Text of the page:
CDC FOREWARNS HEALTH AUTHORITIES AGAINST OUTBREAK OF ACUTE FLACCID MYELITIS

by Chhavi Madaan | 2020-08-12

Amidst the COVID-19 Pandemic, the Centre for Disease Control and Prevention predicts the fatal Acute Flaccid Myelitis outbreak as per a report released on August 4, 2020.

What is Acute Flaccid Myelitis (AFM)?

Acute Flaccid Myelitis is a neurological disease common in children, which primarily affects the spine. This occurs in a degeneration of muscle strength, which can often lead to temporary or permanent paralysis. In 2018, AFM resulted in the deaths of approximately 55 children in the United States.

The symptoms appear to be similar to Poliovirus, but studies based on specimens collected by AFM patients test negative for Poliovirus’s presence.

What Causes AFM?

The cause of the AFM disease is still unspecified. Possible viruses associated with AFM are Adenoviruses, Enteroviruses, Enterovirus A71 and D68, and West Nile Virus. Initially, Poliovirus was suspected to be a probable cause of AFM. However, post-2014, the specimens tested showed no signs of Poliovirus.

The Symptoms of AFM include

  • Difficulty speaking and slurred speech
  • Inability to move the eyes
  • Inability to swallow
  • Drooping of Facial Muscles or Eyelids
  • Muscle tension and sudden loss of muscle strength
  • Improper Reflexes
  • The emergence of Respiratory complications, fluctuation in body temperature and rising blood pressure in later stages
  • Discomfort in Spine, Arms, and Legs.
  • Inability to Urinate

The CDC suggests parents, healthcare departments, and frontline providers prepare for AFM’s outbreak yet again in the United States. The cases of AFM surge every two years in The United States since 2014.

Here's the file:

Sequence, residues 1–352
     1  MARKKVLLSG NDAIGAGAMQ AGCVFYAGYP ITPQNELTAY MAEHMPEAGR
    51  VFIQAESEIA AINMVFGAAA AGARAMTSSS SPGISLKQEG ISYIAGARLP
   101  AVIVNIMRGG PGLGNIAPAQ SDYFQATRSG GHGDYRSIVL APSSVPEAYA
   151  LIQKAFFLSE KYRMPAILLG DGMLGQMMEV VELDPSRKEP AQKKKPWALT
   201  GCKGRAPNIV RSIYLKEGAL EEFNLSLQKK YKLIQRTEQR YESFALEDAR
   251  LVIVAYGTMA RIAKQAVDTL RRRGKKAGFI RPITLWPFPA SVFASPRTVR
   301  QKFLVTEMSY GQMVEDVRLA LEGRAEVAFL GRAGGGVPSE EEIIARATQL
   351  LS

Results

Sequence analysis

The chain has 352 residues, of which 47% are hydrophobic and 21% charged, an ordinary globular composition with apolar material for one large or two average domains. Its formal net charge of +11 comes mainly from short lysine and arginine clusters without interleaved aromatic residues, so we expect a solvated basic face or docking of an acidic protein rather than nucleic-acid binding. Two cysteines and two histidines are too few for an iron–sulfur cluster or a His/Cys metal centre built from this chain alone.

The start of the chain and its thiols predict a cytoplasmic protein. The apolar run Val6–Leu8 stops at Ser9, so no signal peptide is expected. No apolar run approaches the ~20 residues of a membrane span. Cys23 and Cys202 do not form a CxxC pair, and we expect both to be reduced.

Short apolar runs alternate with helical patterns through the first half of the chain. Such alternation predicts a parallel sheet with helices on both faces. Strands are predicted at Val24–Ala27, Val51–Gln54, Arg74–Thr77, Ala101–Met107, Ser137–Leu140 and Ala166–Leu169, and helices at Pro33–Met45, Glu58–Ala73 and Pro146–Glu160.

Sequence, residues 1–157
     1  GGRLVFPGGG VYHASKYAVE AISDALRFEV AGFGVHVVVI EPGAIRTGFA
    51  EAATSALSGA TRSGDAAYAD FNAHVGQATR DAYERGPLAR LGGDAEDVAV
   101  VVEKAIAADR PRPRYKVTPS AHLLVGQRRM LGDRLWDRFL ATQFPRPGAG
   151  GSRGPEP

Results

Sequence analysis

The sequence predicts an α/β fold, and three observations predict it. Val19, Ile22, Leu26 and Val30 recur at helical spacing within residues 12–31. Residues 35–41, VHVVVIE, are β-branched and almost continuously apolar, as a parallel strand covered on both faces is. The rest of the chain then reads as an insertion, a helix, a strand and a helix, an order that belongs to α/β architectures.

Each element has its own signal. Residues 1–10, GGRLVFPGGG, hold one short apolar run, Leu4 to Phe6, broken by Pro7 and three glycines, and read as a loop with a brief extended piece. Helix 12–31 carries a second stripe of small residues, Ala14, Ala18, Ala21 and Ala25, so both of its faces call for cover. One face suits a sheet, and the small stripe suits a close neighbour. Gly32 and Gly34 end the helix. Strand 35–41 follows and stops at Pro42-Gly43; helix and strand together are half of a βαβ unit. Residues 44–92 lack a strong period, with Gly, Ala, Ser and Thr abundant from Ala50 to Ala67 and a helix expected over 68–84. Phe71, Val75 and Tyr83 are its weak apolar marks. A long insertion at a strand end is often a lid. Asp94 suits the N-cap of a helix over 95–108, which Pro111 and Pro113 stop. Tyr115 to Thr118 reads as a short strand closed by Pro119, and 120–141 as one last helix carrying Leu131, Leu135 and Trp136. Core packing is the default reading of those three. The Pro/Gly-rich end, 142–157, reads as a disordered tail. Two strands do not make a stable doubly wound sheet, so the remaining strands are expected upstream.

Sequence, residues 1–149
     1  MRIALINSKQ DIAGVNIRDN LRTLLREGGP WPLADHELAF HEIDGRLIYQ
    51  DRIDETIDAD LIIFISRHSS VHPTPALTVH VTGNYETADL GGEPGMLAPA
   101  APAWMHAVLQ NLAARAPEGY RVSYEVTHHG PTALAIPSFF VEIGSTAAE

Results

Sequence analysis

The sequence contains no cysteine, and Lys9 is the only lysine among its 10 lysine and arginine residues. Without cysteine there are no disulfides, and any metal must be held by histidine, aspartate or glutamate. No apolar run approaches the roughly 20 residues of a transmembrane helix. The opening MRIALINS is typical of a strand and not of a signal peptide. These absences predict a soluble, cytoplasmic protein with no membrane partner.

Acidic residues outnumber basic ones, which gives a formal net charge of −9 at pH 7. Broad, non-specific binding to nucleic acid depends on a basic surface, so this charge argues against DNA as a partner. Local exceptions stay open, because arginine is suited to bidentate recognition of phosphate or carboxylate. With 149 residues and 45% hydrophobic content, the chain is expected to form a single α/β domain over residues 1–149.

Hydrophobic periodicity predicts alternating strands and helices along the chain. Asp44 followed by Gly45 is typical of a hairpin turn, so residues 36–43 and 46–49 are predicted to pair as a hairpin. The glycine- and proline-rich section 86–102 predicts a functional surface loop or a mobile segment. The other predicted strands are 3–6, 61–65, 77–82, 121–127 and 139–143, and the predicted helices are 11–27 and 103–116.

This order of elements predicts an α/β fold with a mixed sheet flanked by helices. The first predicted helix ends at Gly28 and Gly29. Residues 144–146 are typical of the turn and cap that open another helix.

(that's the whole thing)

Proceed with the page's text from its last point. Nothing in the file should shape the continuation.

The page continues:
The officials train the parents and other healthcare personas to recognize the symptoms of AFM as soon as possible. Identifying the signs of AFM in the initial stages is crucial in providing relief. Timely recognition of symptoms is fundamental for respiratory obstructions.

Diagnoses and Treatment

The Diagnostic Techniques implied for AFM involve Magnetic Resonance Imaging (MRI), sample testing of Cerebral Spine Fluid(CSF), Blood Tests, and Muscle and Nerve Reaction Tests.

There exists no structured treatment for AFM. Some techniques used widely are Movement Therapy, Ventilation for respiratory impediments, and transferring “nerves from a functioning site to the affected site”(Cleveland Clinic Medical, 2018).

Physicians recommend incorporating preventive measures into the daily routine as a safeguard against AFM- Regular washing of hands, timely vaccinations, avoiding mosquito-bites, and avoiding the sharing of personal commodities such as clothes, food, and utensils.

Advances towards the development of a vaccine have been in process. However, the disease’s ambiguous traits make Researching, and the entire circle of Diagnoses and Treatment inconsistent.

Stay Safe. Stay Healthy. Stay Tuned.

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